Dear Doctors: I heard on the news about a study that says you won’t get as hungry if you eat all of your meals earlier in the day. Does that have to do with the way the body clock works? It seems like circadian rhythms affect everything we do. Can you talk about that, and about this study?
Dear Reader: Your question returns us to the fascinating field of chronobiology. As the word suggests, it’s the study of biological rhythms in relation to the daily cycle of light and dark. While written references to the existence of a “biological clock” date back many centuries, the first known scientific observations on the phenomenon were made in the early 1700s. The modern branch of this science traces its roots to the 1950s, with fruit fly experiments and a few sleep studies. Today, chronobiology is a robust area of research.
What was once known as the body clock has been fine-tuned into the circadian cycle. With hundreds of academic studies in the last few decades, we have learned that the daily 24-hour cycle of light and dark not only influences virtually every biological function, but it also appears to be built into our bodies at the cellular level. Several recent studies have looked into the effects of our bodies’ circadian rhythms on diet and exercise. The latter generated some interesting results, which we’ll write about soon.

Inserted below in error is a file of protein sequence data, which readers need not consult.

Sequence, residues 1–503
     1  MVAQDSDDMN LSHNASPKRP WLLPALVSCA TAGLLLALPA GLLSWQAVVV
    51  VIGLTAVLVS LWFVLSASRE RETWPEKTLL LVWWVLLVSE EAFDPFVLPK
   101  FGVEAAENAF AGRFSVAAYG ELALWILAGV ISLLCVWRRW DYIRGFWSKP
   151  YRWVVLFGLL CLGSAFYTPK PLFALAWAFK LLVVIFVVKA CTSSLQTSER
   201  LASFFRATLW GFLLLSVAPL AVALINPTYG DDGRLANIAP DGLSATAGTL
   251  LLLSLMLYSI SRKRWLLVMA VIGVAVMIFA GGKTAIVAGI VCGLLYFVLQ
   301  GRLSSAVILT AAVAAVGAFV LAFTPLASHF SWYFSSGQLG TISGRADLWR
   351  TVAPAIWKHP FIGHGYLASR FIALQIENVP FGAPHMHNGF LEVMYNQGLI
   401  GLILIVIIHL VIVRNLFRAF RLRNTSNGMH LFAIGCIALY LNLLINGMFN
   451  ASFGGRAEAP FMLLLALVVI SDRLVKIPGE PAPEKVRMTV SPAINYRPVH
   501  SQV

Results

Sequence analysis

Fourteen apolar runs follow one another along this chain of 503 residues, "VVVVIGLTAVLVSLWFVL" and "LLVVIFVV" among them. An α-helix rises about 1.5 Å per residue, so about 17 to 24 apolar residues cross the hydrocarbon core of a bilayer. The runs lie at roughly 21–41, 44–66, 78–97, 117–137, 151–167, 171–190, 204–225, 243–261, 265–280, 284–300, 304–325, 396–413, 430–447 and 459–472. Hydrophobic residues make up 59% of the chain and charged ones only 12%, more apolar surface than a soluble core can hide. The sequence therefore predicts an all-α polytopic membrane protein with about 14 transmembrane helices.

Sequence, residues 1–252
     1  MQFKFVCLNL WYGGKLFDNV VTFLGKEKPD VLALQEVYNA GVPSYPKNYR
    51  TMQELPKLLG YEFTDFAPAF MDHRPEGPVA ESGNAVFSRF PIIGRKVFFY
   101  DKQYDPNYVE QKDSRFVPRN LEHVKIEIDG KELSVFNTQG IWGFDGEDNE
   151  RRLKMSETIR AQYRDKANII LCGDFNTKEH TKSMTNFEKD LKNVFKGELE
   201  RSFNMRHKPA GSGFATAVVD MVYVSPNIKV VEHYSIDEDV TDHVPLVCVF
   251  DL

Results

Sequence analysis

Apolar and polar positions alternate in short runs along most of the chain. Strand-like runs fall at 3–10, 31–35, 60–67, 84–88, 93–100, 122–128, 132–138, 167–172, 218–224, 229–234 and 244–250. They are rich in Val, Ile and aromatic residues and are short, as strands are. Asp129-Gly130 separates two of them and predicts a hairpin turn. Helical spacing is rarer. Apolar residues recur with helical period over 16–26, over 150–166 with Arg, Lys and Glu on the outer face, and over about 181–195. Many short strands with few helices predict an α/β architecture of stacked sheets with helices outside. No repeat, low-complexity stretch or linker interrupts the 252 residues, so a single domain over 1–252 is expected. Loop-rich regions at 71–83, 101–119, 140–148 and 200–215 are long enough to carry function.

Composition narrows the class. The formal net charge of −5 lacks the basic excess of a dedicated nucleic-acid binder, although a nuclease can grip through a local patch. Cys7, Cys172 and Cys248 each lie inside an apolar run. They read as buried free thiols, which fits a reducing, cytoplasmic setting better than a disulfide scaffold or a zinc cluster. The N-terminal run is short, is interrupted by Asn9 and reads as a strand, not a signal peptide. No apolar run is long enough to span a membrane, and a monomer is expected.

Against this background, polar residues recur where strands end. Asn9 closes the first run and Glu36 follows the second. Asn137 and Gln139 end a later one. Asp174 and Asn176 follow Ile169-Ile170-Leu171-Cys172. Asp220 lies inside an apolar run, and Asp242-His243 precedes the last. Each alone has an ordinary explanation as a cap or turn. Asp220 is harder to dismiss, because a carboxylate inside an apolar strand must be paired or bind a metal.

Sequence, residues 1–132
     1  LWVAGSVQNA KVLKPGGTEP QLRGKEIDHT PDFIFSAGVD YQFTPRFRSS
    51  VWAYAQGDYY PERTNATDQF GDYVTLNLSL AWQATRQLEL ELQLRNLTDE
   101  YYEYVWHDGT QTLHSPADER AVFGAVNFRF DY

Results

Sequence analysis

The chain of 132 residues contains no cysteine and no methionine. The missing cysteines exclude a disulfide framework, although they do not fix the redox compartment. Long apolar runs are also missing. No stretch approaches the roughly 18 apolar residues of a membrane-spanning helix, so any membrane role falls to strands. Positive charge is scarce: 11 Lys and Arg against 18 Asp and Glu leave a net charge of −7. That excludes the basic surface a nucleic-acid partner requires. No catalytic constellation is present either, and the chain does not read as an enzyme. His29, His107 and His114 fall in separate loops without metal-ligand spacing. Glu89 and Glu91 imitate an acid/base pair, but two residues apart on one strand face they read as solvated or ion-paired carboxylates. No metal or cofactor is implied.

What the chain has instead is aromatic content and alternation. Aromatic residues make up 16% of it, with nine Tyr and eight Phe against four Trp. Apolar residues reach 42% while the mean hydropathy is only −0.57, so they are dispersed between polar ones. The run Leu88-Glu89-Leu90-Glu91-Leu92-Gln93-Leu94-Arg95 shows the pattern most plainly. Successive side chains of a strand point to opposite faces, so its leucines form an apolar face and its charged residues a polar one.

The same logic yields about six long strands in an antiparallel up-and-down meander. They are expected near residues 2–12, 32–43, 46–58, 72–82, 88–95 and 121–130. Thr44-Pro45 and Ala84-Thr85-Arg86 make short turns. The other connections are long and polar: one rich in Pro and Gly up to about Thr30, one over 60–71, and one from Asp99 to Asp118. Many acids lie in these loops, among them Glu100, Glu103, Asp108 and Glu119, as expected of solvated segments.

Once the lab tests and daily self-reports were analyzed, it turned out that the early eaters felt half as hungry throughout the day as the later eaters. They also burned more calories than the other group did. Those who ate later in the day reported increased cravings for starchy and salty foods. Blood tests revealed that those who ate later in the day had levels of leptin, a hormone that causes hunger, that were 33% higher than in the early eating group. As with all studies, particularly those that are small and brief, further investigation is needed. But the results are certainly intriguing.
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